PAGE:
I bought a couple of Winsor & Newton brushes once, they cost me about five pounds each and I ruined them in about a week.
Oil painters don’t need expensive brushes, watercolour painters yes, it definitely helps, but oil painters, no – That said, an oil painter does need clean brushes.
If you use a dirty brush to mix your oil paint colours and tones, then when you dip your brush into the different pigments and mix them together on a separate area of your palette, the dirty paint will come down out of the ferrel and spoil your colours. The best way to mix colours and keep them clean and fresh is to use a palette knife to mix up your paints, and then apply the paint with your brush. Even if you do this, if you apply the paint with a dirty brush you still get plenty of muddy paint and thinners leaching out of the bristles and ferrel if your brushes are not clean.
To combat this, a lot of artists will use a clean ( different ) brush for each colour that they are using, which obviously requires using a lot of brushes. Some artists instead use a DARK brush and a LIGHT brush, just keeping the lighter tones and the darker tones separated between two different brushes.
I personally own at least 2 million brushes, I’m exaggerating of course.. it’s more like 1 million, but I only really use 2 or 3 brushes for any particular painting, and I can do that because I clean my brushes well as I paint.
So what’s the best way to clean your brushes?
- A jam jar full of turps is okay, but every time you swish your brush about you’ll stir up all the muddy mess at the bottom.
- 2 jam jars is better, one for the initial clean and a second one to clean off the stirred-up mess from the first wash, but a few brush washes later the second jar will be as bad as the first.
- Soap and hot water. This is great for getting a really good clean post-painting, but impractical when you’re sitting at your easel and in mid painting flow.
- A purpose built suspended sieve brush washer – read on:
Stainless steel artist’s brush washer. The deep sieve sits inside the main tub, allowing the paint to settle-out of the turps and remain undisturbed in the bottom of the tub when you next wash your brushes. When you agitate your brush on the bottom of the sieve it doesn’t stir up any paint residue, because the residue is below the sieve level – Image courtesy SAA.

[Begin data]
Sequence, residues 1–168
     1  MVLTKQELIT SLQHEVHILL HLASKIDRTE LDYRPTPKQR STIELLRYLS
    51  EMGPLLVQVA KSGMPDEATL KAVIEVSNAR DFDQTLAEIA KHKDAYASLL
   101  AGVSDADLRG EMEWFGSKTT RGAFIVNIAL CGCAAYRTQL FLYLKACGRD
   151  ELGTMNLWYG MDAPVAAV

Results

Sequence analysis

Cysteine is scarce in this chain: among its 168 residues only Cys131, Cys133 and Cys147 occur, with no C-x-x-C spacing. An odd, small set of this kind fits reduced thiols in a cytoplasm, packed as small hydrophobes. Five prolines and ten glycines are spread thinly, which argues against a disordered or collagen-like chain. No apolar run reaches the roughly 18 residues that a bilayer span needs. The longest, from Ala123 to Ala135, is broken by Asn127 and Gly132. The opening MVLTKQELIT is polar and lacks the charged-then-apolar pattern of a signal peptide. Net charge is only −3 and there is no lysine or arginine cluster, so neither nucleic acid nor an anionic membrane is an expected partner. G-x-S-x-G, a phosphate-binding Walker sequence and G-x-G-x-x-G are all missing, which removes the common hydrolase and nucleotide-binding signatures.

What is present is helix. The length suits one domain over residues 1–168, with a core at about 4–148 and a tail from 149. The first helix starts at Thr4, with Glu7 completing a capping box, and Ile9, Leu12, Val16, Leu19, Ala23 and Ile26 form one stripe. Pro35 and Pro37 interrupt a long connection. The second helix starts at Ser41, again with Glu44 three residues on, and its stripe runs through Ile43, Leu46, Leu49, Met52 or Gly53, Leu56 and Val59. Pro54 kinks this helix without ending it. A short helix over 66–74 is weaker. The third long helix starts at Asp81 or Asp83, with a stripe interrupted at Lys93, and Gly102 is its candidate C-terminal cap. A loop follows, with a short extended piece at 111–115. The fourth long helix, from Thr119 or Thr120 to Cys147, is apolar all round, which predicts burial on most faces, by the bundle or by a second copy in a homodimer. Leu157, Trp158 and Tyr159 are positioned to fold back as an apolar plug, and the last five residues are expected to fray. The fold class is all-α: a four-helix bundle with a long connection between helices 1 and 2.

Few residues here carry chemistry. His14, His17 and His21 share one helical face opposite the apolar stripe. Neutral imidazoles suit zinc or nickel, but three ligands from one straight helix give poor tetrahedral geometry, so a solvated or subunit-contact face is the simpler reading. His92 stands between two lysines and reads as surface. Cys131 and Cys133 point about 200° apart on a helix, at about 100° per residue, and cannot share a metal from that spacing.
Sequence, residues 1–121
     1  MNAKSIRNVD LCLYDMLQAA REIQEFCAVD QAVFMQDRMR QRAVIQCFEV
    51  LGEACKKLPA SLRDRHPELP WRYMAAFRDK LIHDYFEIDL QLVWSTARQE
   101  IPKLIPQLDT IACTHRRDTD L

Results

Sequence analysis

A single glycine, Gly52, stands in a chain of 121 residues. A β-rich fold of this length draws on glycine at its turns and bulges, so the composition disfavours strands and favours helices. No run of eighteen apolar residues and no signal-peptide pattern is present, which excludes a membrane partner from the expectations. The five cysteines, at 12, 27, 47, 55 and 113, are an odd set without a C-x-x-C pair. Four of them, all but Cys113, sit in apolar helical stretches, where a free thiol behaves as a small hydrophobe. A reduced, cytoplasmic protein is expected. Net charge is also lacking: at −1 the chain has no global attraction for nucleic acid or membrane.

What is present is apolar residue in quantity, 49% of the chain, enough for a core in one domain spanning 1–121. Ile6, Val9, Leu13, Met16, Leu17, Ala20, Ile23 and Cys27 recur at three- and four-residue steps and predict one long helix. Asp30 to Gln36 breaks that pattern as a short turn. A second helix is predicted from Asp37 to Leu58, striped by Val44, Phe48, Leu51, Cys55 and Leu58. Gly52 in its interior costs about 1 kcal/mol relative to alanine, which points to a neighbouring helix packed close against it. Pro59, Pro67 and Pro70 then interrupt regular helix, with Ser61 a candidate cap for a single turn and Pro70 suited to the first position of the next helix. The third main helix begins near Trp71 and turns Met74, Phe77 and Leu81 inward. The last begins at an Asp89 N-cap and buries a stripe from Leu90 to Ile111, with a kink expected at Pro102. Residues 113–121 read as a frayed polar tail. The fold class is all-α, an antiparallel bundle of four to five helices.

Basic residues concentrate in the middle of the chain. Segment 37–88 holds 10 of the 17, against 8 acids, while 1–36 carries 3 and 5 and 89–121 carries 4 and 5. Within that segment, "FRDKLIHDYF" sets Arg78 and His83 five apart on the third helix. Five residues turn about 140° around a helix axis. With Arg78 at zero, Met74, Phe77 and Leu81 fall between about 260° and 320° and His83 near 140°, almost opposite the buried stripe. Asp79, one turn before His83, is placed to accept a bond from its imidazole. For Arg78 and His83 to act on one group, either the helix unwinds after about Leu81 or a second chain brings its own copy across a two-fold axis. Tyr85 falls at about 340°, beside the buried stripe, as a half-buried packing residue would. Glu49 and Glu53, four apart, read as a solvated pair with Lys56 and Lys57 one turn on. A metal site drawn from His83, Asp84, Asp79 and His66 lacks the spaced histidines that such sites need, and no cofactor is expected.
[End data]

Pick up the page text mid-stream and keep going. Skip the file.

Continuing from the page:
There are various size brush washers available, like these from Holbein and available at Dick Blick art supplies.
This Daler Rowney version is very similar to my own brush washer.
When you’ve used your brush washer a little it looks more like this. Now and again I give it a proper clean, but it’s not necessary very often.
The lid has a sealing rubber ring and seals very tightly, so that once clipped on you can easily transport the brush washer without any spillage.
Where can you get one?
The brush washers above are very popular with artists, and readily available online. Try searching ‘Metal Brush Washers’ on google, or just check out the following links:
- Ebay – I bought my own brush washer online at Ebay.
- Society For All Artists (SAA) – A trusted supplier of art materials, although not always the cheapest.
- Amazon – They sell a Daler Rowney brush washer.
- Jackson’s Art Supplies – A big supplier of art materials, they sell a very similar design to the others.
- Pullingers – Their brush washer uses the same principle, but are a different design, and because of that are a little cheaper.
- DickBlick – This is an American art supplies website, so the prices are in U.S Dollars, but they have a variety of different size brush washer available.
Metal brush washers can to be used with turps (turpentine), white spirit, water ..e.t.c, so can be used by all artists for all mediums.
You can see my own brush washer in use and see how I set up my studio and painting table here.
I look forward to some great comments below, and if you enjoyed this post and found it useful, please share it.by